Thursday, May 23, 2019

Investing in Women’s Empowerment: Private Sector Helps Lift Women

I just finished reading Melinda Gates’ new book, The Moment of Lift: How Empowering Women Changes the World. It’s a really amazing read that takes you inside the lives of women around the world who struggle to make ends meet, to feed their children, to succeed in male-dominated societies. But it also offers hope, inspiration and wisdom of how women's lives can be uplifted. 

This week more than ever I needed to read an intelligent book by and about women. I’ll share one excerpt that I found especially poignant: 

“From high rates of education, employment and economic growth to low rates of teen births, domestic violence, and crime – the inclusion and elevation of women correlate with the signs of a healthy society. Women’s rights and society’s health and wealth rise together.”

She goes on to write, “If you want to lift up humanity, empower women. It is the most comprehensive, pervasive, high-leverage investment you can make in human beings.”

This got me thinking about corporate investments in women. For years, diversity has been a core pillar of companies’ corporate responsibility strategies. This has meant stronger policies protecting women from sexual harassment in the workplace and creating family-friendly work cultures. These, of course, are good things.

But, lately, I am seeing examples of companies investing in programs and policies that go further, that truly empower and aim to lift women up. Here are three examples I particularly like.

In 2018, the women’s retail designers Ann Taylor, LOFT and Lou & Grey (all owned by Ascena Retail) fulfilled its goal of empowering 100,000 women in its global supply chain by providing health and financial literacy training.

The retail giant explains on its website: “We learned a lot from working with these inspiring women. …women can drive enormous positive change by sharing their knowledge and skills with others. When women do this, their colleagues, families, and communities all become better equipped to manage their health and/or finances, creating a ripple effect of positive change.”
For Ascena, empowering female supply chain workers to be financially literate and better stewards of their health wasn’t just to boost its corporate reputation. It was about better performance. After the trainings, the company’s suppliers reported reduced turnover and absenteeism. The trainings also led to strengthened relationships between workers in the factory and supplier management.
Unilever, makers of Ben & Jerry’s ice cream, Dove beauty products and Lipton tea, states, “We believe that women’s empowerment is the single greatest enabler of human development and economic growth.”
It’s not surprising why; women make up more than 70 percent of Unilever’s consumer base, 50 percent of the talent pool from which it recruits, and play a central role in its supply chain.
So serious is its belief in the power of women that the company has committed that, by 2020, it will empower 5 million women by advancing opportunities for them in its operations, promoting safety, developing skills and expanding opportunities in its retail value chain. Already the company has seen results: In 2018, 49 percent of Unilever managers were women.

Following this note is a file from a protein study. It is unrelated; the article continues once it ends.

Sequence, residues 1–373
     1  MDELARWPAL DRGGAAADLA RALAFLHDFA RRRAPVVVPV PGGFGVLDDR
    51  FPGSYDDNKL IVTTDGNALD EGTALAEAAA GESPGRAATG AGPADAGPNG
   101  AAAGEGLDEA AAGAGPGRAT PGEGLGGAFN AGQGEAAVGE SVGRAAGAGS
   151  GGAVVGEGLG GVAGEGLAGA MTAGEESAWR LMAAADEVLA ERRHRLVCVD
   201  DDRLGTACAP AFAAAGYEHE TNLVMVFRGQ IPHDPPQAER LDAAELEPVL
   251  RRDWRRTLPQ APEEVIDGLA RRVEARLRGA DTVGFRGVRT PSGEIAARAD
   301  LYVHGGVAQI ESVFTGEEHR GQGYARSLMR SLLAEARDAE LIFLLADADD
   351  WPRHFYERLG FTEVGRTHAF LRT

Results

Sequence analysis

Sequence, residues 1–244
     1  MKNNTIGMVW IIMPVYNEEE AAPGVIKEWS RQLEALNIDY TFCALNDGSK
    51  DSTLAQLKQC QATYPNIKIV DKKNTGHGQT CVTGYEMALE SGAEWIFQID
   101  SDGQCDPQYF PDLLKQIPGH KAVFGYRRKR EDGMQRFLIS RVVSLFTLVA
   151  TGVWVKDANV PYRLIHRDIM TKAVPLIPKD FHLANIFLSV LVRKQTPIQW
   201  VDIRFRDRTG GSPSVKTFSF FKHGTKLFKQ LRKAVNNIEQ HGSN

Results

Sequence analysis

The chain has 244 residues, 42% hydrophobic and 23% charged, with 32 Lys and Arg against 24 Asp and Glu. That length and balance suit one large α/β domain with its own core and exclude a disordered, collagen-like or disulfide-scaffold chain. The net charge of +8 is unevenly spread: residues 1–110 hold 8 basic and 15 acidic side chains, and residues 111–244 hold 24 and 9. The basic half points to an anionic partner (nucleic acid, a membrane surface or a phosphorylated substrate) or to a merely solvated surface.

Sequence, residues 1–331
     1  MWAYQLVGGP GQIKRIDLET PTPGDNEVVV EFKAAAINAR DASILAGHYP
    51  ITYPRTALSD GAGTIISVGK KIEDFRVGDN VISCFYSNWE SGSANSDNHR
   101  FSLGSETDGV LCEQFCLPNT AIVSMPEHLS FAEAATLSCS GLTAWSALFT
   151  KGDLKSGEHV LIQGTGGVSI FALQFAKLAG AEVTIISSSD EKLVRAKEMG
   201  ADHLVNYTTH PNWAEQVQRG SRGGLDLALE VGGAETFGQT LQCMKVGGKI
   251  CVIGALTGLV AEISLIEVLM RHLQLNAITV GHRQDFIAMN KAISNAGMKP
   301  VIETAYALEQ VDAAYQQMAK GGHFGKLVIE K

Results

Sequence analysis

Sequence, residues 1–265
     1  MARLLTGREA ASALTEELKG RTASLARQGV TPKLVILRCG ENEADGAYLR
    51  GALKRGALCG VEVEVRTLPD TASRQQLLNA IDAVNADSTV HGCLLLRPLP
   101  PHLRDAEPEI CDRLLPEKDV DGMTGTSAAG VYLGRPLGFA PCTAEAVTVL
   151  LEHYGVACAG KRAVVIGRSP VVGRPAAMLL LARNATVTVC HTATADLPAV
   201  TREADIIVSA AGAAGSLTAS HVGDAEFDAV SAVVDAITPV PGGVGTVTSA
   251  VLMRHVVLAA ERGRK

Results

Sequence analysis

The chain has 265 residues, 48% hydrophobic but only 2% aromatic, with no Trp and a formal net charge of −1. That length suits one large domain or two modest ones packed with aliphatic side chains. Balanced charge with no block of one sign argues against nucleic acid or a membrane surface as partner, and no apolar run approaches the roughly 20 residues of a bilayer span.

The company is also taking its message on the road, advocating to other businesses that they also embrace women’s empowerment by being:
  1. Gender aware by having the right information and data in place to inform policies.
  2. Gender active by having the right policies and practices in place that respect women’s rights and empower professional and personal development.
  3. The new norm by ensuring that harmful norms are not perpetuated through outdated business practices, while actively promoting more positive portrayals of women along the value chain to challenge stereotypes.
Moving from ice cream to the tech industry, not exactly the sector that comes to mind for women’s empowerment. But here, too, there are some good examples, such as Intel.

Earlier this year, Intel was one of the first U.S. companies to announce that it had achieved gender pay equity globally. It also reached its $100 million commitment for spending on women-owned businesses more than a year early, and announced a new goal of $200 million for 2020.
Intel is also investing in programs to empower girls and young women to continue school. It is a founding member of the Reboot Representation Tech Coalition, through which 12 companies have pledged more than $12 million to double the number of women of color graduating with computing degrees in the U.S. by 2025.  In addition, Intel has invested in the Center for Advancing Women in Technology’s Technology Pathways Initiative, which seeks to enrich the U.S. workforce with a diverse pool of college graduates equipped to be innovators in the digital economy.
Ascena. Unilever. Intel. Not only do these example lift up women and humanity, they create long-term value for business. And that’s a good thing for everyone.


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